The energy flux 257.6 W/m2 resp 253,7 W/m2 an hence equvalent with a total temperature increase of 0.89 degrees Celsius (as one degree is 4.95 W/m2). Interesting that without methane rise that would only have been 0.65 degrees Celsius. It would suggest that methane is a much stronger greenhouse gas than CO2. But that's not true. it is only demonstrating the logarithmic effect again, the first ppm's being the strongest. So if we want to cut back emissions, CH4 might be more interesting. BTW Methane is unstabil and dissapears in about a decade, that's why it's concentration is always low.

    Then what is all the fuss about?

    The feedback factors, it's quite difficent to determine whether or not positive feedback (like reflectivity decrease due to melting snow, more moisture in the air) ar bigger than negative feedback (denser clouds reflect more light). So we could look at the practice. The (broken) hockeystick for instance suggested a tight correlation between CO2 and temperatures. So the temperature rise of some 1,0 degrees as of 1850 corresponds to a CO2 rise of 280 -> 380 ppm suggesting some increase of some 2-4 degrees for doubling depending on a lineair or logaritmic relationship. Then if we look at ice age graphs, like Vostok or GISP (much more later about that) it appears that changes from 190 - 200 ppm to 280 caused temperature changes of over 10 degrees. There you go, that's the fear part. Would the temperature change 20-30 degrees with doubling greenhouse gasses?

    It seems that the discoveries in the ice cores (like the Dansgaard Oeschger events) were sounding of the alarms with slogans like "7 degrees temperature rise within a decade"

    But do we have a clue what really happened?

    edit to add this http://pubs.giss.nasa.gov/docs/2004/2004_RahmstorfArcher.pdf [Broken] that illustrates the problem of those Vostok Ice core assumed paleao temperatures.
    Last edited by a moderator: May 1, 2017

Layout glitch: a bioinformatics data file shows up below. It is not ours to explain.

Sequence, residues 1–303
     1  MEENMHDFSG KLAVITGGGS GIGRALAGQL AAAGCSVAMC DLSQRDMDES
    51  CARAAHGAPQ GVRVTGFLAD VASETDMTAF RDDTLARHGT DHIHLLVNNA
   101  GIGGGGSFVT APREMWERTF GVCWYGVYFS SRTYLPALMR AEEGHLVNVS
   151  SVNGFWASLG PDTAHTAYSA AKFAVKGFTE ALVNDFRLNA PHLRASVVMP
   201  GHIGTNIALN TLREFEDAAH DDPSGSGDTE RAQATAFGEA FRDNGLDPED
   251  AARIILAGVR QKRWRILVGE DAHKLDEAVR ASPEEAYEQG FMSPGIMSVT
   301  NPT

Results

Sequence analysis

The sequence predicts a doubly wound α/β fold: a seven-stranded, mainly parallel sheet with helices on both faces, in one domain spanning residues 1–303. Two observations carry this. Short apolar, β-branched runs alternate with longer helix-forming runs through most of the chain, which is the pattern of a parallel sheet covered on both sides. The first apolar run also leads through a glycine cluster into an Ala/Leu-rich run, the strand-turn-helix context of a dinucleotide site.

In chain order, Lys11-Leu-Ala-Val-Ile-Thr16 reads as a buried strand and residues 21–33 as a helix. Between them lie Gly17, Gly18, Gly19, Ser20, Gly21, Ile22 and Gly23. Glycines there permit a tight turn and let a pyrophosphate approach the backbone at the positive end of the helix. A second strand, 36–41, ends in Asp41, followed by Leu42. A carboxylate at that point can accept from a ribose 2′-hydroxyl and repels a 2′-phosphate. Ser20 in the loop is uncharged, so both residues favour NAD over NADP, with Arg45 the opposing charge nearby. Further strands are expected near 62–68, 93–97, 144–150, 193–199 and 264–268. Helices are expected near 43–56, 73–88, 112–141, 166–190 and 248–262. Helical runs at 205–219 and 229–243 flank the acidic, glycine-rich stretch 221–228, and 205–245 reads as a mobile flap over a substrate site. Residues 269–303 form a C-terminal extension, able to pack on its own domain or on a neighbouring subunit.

11. Feb 7, 2005 #10
    I find it hard to believe there could be such a thing as a long term "continuous (crustal) alignment" with the continuously changing semi-liquid magma of the earth's mantle.

    "Editting" eh?!
    Last edited by a moderator: May 1, 2017
  12. Feb 7, 2005 #11
    Well "continuous" as in very gradual changes, not interrupted with sudden massive displacements that would have occured with the Hapgood ECD mechamism.

    editting? Well, [URL [Broken] spelling is wobbly. It's good spelling, but it wobbles, and the letters
    get in the wrong places.[/url] :biggrin:
    Last edited by a moderator: May 1, 2017
  13. Feb 9, 2005 #12
    So shall be continue discussing the interpretation problems of the ice cores for the violent climate changes of the ice age?
  14. Feb 10, 2005 #13
    Or shall we witness yet another blow to the hockeystick

    The magazine Nature has been quoted for being a fair supporter of the IPCC vision on climate issues. Notably, it refused publishing the M&M paper despite positive advises of the peer reviewers. It was accepted later by the Geophysical Research Letters. So why would Nature publish this?


    [url=http://www.nature.com/nature/journal/v433/n7026/extref/nature03265-s1.doc]Some more free info.[/url]

    It appears that the house of cards may have started tumbling.
    Last edited by a moderator: May 1, 2017